There's a whole constellation of films and TV shows about people pitting their wits against nature.
From prestige Hollywood titles like Life of Pi and The Revenant to small screen series like Man vs. Wild and Survivor, the mix of DIY field surgery, slimy critters and psychological breakdown is entertainment gold.
It's perhaps a surprise, however, that Daniel Radcliffe — an actor who most audiences still think of as a young orphan with a goofy smile named Harry — turns up this week crawling his way through a Bolivian jungle. But maybe that's the point.
Jungle, a film about real-life Israeli backpacker Yossi Ghinsberg, who got lost in the Amazon in the early 1980s, begins with the depiction of naive, idealistic youth.
Yossi is fresh out of the Israeli army when he hits the backpacker trail through South America and bonds over brewskies with fellow thrill-seekers Kevin (Alex Russell) and Marcus (Joel Jackson).
Together, they follow an older Austrian named Karl (Thomas Kretschmann), who has convinced them to go hiking in the jungle with his stories of lost tribes and gold.
Wolf Creek director Greg McLean, as an Australian, has a cinematic DNA imbued with a terror of the wilderness.
Swapping the foreboding expanse of the outback for the claustrophobic maze of the Amazon, his film follows recent Australian thrillers like Kieran Darcy-Smith's Wish You Were Here and Cate Shortland's Berlin Syndrome that explore the overseas tourist trip gone wrong.
Just like Berlin Syndrome's story, about a sexual predator, attempts to express deeper ideas about German wartime history and its traumatic repercussions, Jungle's story is also rich in subtext.
Jungle stutters early, but does improve
Yossi's Jewishness, as a descendant of Holocaust survivors, is a key theme in the film.
With a prayer book given to him by his late grandfather as his goodluck charm, the Holocaust remains a recurring motif throughout the film — and although the idea of Yossi's survivor guilt is never made explicit — his desire to test himself in the rigours of a dangerous expedition seem like a way of measuring himself against the courage of his forebears.
At least, that seems to be the idea.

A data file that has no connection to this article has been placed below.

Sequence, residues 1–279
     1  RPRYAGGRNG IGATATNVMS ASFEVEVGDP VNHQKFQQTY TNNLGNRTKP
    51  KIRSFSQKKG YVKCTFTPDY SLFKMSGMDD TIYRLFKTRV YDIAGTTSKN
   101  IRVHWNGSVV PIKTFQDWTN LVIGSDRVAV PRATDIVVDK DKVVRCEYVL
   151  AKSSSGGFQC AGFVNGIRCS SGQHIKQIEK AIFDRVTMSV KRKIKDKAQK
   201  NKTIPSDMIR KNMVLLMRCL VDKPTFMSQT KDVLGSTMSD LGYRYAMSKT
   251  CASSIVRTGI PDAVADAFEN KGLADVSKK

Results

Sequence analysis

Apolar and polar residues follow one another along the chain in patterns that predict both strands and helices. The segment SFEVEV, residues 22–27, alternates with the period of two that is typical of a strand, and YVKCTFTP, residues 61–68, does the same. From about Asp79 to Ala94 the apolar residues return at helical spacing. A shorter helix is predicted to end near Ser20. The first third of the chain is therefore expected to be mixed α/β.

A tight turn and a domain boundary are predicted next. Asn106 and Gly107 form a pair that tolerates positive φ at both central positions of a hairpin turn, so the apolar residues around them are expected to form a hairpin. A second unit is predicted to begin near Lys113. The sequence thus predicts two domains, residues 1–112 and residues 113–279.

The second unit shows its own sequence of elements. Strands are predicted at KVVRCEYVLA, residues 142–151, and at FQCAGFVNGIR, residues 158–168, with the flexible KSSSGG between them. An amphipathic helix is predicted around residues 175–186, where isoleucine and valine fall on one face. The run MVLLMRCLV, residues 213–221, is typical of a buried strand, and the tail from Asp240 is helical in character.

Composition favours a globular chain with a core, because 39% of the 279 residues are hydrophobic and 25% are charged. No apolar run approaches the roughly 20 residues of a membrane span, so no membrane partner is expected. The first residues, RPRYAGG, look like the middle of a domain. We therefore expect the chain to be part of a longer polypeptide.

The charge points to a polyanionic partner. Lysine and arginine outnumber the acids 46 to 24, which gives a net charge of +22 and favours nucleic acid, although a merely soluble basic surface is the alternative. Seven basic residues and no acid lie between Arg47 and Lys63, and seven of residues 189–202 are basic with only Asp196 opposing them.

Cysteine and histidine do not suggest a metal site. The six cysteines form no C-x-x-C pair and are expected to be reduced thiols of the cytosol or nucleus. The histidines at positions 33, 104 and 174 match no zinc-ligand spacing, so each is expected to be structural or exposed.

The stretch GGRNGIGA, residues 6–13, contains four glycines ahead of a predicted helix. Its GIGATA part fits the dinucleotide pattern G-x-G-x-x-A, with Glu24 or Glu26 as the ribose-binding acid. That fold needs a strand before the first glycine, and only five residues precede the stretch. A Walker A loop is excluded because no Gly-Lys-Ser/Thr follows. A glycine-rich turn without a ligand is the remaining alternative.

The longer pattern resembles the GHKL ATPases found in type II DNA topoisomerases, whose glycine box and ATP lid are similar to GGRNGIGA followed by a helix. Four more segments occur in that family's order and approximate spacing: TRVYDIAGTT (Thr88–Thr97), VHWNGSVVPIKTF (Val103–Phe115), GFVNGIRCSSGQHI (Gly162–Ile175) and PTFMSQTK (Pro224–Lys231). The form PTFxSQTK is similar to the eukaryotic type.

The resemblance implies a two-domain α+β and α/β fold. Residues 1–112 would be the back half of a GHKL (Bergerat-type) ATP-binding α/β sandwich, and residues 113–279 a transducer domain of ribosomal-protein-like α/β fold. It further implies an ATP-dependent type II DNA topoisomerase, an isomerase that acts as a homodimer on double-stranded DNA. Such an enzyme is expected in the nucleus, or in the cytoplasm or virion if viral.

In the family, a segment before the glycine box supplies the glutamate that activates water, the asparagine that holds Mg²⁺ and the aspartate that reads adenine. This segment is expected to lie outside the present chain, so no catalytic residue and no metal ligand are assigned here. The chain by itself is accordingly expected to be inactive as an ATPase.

Unfortunately, Radcliffe doesn't have the breadth to find a middle register between grim, action movie determination and boyish charm, and suggest the required psychological complexity. You could say he's still trying to find a way out of the career jungle post-Harry Potter, and the breakout adult role eludes him even here.
The film's problems are evident from the beginning, as Justin Monjo's script tries to lay out the complex dynamics between the four men.
Who means what to who is difficult to understand as tensions brew. Signals become muddled and the pacing stutters.
An early scene where Yossi spends the night with a beautiful backpacker after a hallucinogenic tea is dispensed with so quickly it's almost comical.
The film's second half is better, when Yossi finds himself alone in a nightmare of escalating disasters and body horror.
In McLean's hands, the spectacle of Radcliff dragging himself across muddy forest floors, lancing a giant boil on his head and pulling out a parasite, or sloshing around in white water is actually pretty fun.
If only the film's impact wasn't hampered by a lack of vision.
Receiving significant support from local funding bodies, Jungle
is arguably McLean's most ambitious film so far, and like Berlin Syndrome, it's a notable attempt to take Australian genre filmmaking to a more sophisticated terrain.
It doesn't quite arrive, but like Shortland, McLean is a talent who continues to evolve.